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The Importance of Being Bored

For centuries, humans have led a crusade against the terrors of boredom. Games, theater, music, and thousands of other art forms were created to allow us to bond with one another in the dark after the day’s work was done.

In today’s fast-paced world, we often find ourselves constantly surrounded by technology, entertainment, and work. Boredom has largely become a minuscule part of life at best.

But what if I told you that your brain needs boredom to function at its best? In this Pursuit of Freedom letter, we’ll discuss why being bored is essential for our well-being and provide a solution to help you deliberately make time for healthy boredom. So, let’s dive in and explore why being bored may be just what you need to enhance your life.

Your brain is designed to be bored

Yeah, you read that right. To some degree, your brain is designed to be bored. When we were in our infancy as a species—before we discovered animal husbandry and agriculture even—there was only so much work to do in a given day.

The skills we used to provide for our future selves hadn’t yet been developed, and so we lived as lower mammals did. We spent our time hunting and gathering food day to day, focused on our right-now survival more than our tomorrow survival.

As you can imagine, there was a lot of time to be bored during this period. Scientists speculate that our brains came to expect and even depend on a degree of downtime during these formative years.

Our brains are spectacularly complicated machines, but their working memory is limited. They can only focus on one task at a time. During moments of boredom, we’re able to do some of our most creative work.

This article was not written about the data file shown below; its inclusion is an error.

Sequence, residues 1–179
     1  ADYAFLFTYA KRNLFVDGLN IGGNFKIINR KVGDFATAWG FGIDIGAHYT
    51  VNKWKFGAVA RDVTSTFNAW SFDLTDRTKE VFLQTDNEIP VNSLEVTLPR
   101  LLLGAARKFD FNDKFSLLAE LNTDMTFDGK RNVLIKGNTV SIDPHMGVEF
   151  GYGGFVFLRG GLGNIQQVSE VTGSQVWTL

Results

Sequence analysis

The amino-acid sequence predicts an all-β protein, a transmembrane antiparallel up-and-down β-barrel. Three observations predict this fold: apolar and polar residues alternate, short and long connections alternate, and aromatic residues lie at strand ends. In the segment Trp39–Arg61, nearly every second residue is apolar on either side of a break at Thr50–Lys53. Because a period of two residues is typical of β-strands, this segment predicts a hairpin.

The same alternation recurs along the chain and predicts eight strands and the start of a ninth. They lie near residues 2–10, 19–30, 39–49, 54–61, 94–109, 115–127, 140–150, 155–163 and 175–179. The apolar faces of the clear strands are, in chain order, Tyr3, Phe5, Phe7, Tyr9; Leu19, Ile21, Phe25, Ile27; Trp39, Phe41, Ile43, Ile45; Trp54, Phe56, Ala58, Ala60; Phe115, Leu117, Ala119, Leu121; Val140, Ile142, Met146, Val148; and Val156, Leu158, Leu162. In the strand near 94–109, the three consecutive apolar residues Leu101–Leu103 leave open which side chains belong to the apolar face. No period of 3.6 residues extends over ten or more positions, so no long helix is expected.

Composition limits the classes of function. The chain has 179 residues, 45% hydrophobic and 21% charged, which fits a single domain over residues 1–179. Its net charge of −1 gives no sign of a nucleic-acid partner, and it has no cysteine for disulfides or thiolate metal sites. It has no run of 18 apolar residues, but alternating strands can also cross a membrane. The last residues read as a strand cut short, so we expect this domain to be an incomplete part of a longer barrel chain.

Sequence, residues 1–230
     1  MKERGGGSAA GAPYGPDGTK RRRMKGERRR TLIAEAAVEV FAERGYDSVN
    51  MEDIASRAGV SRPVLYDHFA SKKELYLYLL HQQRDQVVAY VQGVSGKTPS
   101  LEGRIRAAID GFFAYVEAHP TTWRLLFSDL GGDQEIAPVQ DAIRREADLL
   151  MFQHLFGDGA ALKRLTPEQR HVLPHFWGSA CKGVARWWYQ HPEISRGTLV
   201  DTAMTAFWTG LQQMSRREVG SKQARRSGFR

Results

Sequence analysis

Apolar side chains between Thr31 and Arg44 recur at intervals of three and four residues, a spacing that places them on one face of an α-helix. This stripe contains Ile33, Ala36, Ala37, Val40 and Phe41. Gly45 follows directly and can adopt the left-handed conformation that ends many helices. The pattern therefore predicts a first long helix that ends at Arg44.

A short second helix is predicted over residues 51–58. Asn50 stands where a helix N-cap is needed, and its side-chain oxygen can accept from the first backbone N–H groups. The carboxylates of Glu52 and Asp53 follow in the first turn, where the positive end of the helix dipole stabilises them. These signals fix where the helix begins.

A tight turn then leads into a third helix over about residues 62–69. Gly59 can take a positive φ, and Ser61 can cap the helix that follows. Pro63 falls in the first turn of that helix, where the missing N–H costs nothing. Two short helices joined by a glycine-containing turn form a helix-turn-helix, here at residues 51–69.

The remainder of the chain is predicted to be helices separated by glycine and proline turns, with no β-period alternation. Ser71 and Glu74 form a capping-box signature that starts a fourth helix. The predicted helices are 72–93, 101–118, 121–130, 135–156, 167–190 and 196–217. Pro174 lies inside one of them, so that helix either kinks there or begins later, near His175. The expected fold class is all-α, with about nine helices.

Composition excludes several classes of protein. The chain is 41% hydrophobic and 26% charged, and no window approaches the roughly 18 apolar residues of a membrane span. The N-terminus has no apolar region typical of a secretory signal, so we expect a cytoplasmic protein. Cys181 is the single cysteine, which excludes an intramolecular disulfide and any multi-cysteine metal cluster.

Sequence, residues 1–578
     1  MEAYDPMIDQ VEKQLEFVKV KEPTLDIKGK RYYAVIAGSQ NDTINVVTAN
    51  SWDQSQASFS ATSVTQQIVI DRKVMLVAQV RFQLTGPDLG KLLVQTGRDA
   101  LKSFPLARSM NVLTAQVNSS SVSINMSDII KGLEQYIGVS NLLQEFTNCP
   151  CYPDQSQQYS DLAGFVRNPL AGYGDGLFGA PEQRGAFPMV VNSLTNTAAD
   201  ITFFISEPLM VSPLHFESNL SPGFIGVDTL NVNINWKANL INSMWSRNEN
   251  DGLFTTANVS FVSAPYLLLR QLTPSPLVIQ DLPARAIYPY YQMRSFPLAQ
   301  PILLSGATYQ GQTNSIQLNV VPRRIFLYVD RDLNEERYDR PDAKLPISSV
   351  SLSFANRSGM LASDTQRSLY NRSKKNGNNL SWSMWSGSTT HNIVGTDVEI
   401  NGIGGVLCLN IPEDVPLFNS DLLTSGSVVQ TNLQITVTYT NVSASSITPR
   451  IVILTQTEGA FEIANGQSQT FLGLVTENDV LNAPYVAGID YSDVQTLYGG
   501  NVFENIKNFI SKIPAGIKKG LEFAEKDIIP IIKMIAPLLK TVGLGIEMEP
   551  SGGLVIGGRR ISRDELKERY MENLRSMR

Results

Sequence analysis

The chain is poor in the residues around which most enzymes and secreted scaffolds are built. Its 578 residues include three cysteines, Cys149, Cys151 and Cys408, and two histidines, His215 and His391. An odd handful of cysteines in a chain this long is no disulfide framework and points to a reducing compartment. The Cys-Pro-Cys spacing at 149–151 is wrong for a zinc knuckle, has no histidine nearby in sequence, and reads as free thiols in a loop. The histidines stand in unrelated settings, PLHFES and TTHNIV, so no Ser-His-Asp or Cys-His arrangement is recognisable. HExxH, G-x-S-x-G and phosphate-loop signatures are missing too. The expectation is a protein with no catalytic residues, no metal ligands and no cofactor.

The problem is the sheer degree of attention that our modern landscape demands of us. The constant stream of bright colors, alluring notifications, and engaging entertainment that we’re exposed to daily is overstimulating our brains, leading to a variety of negative effects. We feel burnt out, stressed, and overwhelmed, unable to concentrate or be productive.

However, deliberately taking the time to be bored may be just what we need to reset our brains, increase our creativity, and ultimately, enhance our well-being. By intentionally creating pockets of downtime in our daily lives, we can allow our minds to wander, explore, and come up with new ideas. We can also give our brains a much-needed break, allowing them to process and consolidate information more effectively.

Think about it: when your brain is focused on the task at hand, you’re tuned out from the helpful hints and connections that your unconscious brain is constantly processing. When you take away the available task, you allow your conscious brain to tap into your unconscious.

Being focused on the task at hand reduces your focus on your unconscious mind

And the key to that is boredom.

In the following sections, we’ll explore why being bored sometimes is important, the benefits it can provide, and how to incorporate more healthy boredom into your life. Whether you’re an entrepreneur, artist, or simply looking to boost your productivity, this article will provide you with the tools you need to start intentionally making time for boredom. So, let’s dive in.

Boredom is an asset